Roddy Doyle's Charlie Savage... in which I launch my brand campaign with a stiff drink
I've nothing against Bovril. In fact, I'm quite fond of a drop of Bovril. I even put a dab of it behind my ears once - kind of an experiment to see if the dogs would notice.
I woke up in Beaumont A&E.
What happened was this: I'd been down on my hunkers, in among the grandkids, when we'd performed the experiment. The dogs came at me so enthusiastically - before I'd even put the lid back on the jar - that they knocked me backwards and I whacked my head against the side of the fireplace.
When I woke up in Beaumont, I was still clutching the Bovril.
The wife told me the dogs had attacked the ambulance men when they were trying to get me out of the house on a stretcher.
- The kids thought they were trying to kidnap you, she said.
- The dogs?
- The ambulance men.
- Would you have paid the ransom? I asked her.
Now that I think of it, she never answered.
But, anyway, I went home with my head bandaged, looking a bit like Peter O'Toole in Lawrence of Arabia, I thought - Or a sheep's head in butcher's paper, she said.
My head was killing me but I was just delighted to get out of the A&E with it still attached to my neck.
I once heard about a chap who went in there with a sprained ankle and ended up donating one of his kidneys - a clerical error, they said.
But I was safely out, with both kidneys tucked up where they should be, and the wife even got me a milkshake from the Artane McDonald's on the way home. So I was happy enough and I never held it against the dogs - or Bovril.
So, like I said, I've nothing against Bovril. But I don't feel a burning need to keep telling the world that it's my beverage of choice. Because (a) it's not true - it's far from bloody true. And (b) I feel like a gobshite doing it.
But I have to.
I think I do.
It's the daughter's doing again. She tells me I'm a brand ambassador.
We've thousands of people following me on my The Shouter Facebook page and she says it's time to start cashing in on my popularity.
I stare at her - although it's hard to tell what my face is doing these days. A few weeks back, I thought I was smiling at the young one behind the counter of the Insomnia up the road, but she burst out crying and said she was sorry for my trouble, and she wouldn't let me pay for my cappuccino.
Anyway, she - the daughter - says if I keep mentioning how much I love the product, she'll be able to organise a few quid for us from the manufacturers.Now, I'm all for the few quid - I've a special account in the Credit Union for the grandkids. But, like, there's nothing coursing through my blood telling me to sing out for Bovril.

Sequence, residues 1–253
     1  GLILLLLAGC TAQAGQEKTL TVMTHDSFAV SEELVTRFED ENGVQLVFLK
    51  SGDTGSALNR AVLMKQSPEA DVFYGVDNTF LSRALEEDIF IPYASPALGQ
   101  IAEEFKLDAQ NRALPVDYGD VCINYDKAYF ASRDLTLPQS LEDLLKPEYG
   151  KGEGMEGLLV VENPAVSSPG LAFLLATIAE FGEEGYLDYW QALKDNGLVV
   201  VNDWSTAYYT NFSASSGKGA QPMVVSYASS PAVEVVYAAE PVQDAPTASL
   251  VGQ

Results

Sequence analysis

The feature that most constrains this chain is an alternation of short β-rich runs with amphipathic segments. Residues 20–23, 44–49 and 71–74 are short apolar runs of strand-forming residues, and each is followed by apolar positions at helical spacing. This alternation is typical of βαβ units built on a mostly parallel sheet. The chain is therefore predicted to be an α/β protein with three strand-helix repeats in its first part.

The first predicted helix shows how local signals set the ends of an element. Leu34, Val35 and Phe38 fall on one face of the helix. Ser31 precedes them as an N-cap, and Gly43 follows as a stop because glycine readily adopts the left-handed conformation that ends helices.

- Could I not do Hugo Boss? I ask her.
- They've got Gerard Butler, like.
- I wouldn't mind sharing with Gerard, I tell her. - I'm a better actor than he is, anyway.
- Be honest, Dad, she says. - Do you really - really now - know what Hugo Boss is?
I make an educated guess.
- It's either aftershave or underpants, I say. - Am I right?
She doesn't answer. No surprise there, I suppose - she comes from a long line of women who don't bloody answer.
Here I am, sitting at the open kitchen door, looking out at the last of the sun going down behind the back wall. I'm wearing sunglasses and I've a Bovril mug in my hand.
The daughter has her iPad right against my head. She's filming me.
I take a sip.
- Ah, I say, and I do have to say it, because I don't mean the 'ah' - the sigh - if that makes sense.
Or, I do mean the 'ah' - it's the genuine article, a sigh of genuine satisfaction - because I'm not sipping Bovril. It might say 'Bovril' on the mug but it's full of gin and tonic.
I turn to the camera.
- You can't beat a bit of Bovril at the end of a hard day's shouting, I say. - In fairness.
- We'll have to go again, like, says the daughter.
- Ah, Jaysis. Why?
- I could see your ice and lemon poking over the side of the mug, she says.
So, fair enough. Once more with feeling.
- Dad, she says.
- What, love?
- There's no steam, she says. - There should be steam, like. It's a hot drink.
- No problem, I say. - How's this?
I look at the camera.
- You can't beat an ice-cold Bovril and tonic at the end of a long day doing absolutely fuck-all.
- Brilliant, she says.